the war, they became more common but were still more extravagant than a
hand-me-down bicycle or wagon.
Post World War II Pedal Cars
1950's found designers trying to create fantasy cars that had jet plane
and spaceship themes. The hot rod also became popular during this era.
Pedal cars during the 1960's emerged with decals and plastic trim and
some could be ordered with a metallic finish. Garton, Murray and the
American Machine and Foundry Company (AMF) all had a large array of
products for consumers to choose from.
AMF introduced the first "Midget Mustang" pedal car in November ,1964,
when the real Mustang was selling like crazy. The all-metal, bright red
toy retailed for $12.95, about half of what a similar pedal car sold for
at the time. Each car, equipped with wheel covers, a windshield, a
"3-speed" shift lever, oversized steering wheel, a "Rally Pak" cluster
of gauges, white upholstery and black rubber tires, had a pony emblem in
the center of the grille and the Mustang name in script with a rocker
panel stripe on the sides.
the 1970's pedal cars were becoming a dusty memory in the corner of the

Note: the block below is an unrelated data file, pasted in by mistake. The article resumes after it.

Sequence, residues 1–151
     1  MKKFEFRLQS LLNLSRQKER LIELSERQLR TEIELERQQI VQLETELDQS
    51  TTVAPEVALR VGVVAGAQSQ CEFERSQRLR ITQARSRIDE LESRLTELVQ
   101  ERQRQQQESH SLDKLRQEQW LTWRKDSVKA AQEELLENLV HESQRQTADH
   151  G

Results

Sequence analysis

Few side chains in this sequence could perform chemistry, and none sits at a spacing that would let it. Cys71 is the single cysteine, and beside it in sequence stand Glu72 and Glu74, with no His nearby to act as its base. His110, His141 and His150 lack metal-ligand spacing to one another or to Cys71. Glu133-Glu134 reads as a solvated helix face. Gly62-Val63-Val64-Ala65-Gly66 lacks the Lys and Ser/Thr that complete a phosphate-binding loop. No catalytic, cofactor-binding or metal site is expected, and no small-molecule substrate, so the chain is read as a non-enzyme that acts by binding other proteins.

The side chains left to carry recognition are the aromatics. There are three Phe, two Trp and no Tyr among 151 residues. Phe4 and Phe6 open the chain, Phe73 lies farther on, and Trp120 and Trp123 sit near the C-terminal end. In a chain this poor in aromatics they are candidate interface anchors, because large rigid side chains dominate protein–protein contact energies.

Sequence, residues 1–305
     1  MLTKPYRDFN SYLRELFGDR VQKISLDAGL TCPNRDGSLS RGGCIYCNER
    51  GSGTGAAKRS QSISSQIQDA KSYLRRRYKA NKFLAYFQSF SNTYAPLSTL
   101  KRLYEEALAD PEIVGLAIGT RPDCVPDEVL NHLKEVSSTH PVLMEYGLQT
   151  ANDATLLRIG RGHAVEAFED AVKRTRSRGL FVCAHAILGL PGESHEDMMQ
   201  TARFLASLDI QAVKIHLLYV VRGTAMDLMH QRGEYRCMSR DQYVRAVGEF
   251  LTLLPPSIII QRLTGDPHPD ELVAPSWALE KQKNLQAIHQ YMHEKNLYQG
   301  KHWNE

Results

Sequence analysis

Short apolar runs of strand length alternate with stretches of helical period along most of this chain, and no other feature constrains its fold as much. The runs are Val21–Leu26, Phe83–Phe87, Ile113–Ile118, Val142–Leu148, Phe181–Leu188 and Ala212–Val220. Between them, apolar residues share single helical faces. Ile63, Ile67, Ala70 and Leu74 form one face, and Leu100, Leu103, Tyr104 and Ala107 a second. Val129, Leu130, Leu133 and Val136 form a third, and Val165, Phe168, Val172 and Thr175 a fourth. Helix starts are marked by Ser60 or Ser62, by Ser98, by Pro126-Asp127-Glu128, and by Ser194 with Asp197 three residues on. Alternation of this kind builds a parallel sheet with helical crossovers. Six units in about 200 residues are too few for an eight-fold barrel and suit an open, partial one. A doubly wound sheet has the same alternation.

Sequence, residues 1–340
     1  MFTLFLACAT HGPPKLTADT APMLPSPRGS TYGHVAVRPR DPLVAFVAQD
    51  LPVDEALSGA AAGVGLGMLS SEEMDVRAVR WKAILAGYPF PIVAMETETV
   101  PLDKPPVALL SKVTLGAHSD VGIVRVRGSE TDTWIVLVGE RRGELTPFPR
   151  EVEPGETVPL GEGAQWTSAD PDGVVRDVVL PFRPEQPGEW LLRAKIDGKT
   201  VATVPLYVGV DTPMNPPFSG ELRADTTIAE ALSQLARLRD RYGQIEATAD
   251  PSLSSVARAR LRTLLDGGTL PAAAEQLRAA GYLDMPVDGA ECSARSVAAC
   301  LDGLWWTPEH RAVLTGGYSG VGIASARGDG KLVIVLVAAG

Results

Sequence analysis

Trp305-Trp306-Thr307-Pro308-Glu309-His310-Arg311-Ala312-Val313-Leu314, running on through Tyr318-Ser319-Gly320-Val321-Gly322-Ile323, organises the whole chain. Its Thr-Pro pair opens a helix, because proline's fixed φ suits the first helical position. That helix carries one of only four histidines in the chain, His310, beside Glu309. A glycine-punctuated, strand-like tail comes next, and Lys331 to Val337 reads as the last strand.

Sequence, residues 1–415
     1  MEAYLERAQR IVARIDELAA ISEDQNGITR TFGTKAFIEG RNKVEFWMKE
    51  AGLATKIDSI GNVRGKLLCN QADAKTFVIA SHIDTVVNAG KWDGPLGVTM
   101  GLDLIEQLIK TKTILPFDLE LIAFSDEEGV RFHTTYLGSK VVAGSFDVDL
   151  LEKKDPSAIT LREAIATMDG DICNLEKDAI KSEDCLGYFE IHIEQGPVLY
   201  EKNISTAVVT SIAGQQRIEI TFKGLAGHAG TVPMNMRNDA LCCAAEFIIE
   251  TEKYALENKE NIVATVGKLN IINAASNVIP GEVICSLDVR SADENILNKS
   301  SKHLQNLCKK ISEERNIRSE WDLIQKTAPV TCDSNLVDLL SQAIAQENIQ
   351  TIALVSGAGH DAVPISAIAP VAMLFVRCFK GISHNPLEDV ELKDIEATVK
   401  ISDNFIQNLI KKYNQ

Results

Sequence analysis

garage as the bicycle craze had begun. Of the product lines that
remained, most manufacturers had switched to thinner gauge metal and
plastic pedals. The "Big Wheel" by Mattel lowered the center of gravity
on the original tricycle design, combined with light weight and low cost
plastic construction. They were so inexpensive that they could be
replaced when they wore out or broke.
Styling changed often during the 1950's, following Detroit’s lead. First
models had bold heavy grilles and tall narrow fins, but makers soon
replaced these with wider, square fronted bodies with dual headlamps and
angle-swept fins. By 1960, pedal cars had become more rounded and
started to resemble popular sports cars.
The use of plastic meant lower prices and contributed to the popularity
of pedal cars but was also responsible for poorer quality. The new model
cars had little in common with their ancestors of the 1920's and 1930's,
which were notable for their craftsmanship.
According to Don Sindelar, a pedal car dealer from Saugus, California,
pedal car manufacturers marked their models with both a name and a model
number--a firetruck may be a AMF 508 or a locomotive a Casey Jones.
Antique toy collectors were the first to "discover" pedal cars. Starting
in the early 1960's, collectors began acquiring mint condition examples
found in attics. Later on, "baby boomers" bought either new or
reproduction pedal cars for their kids.
“The most collectable models are the 1930s Steelcraft cars—Lincoln
Zephyr, 1938 Oldsmobile, 1936 Ford, 1941 Buick, 1941 Chrysler,” said
John Dott, pedal car restorer and collector. “Foreign models aren’t very
popular here in the U.S. Americans collect mostly U.S.- made cars.”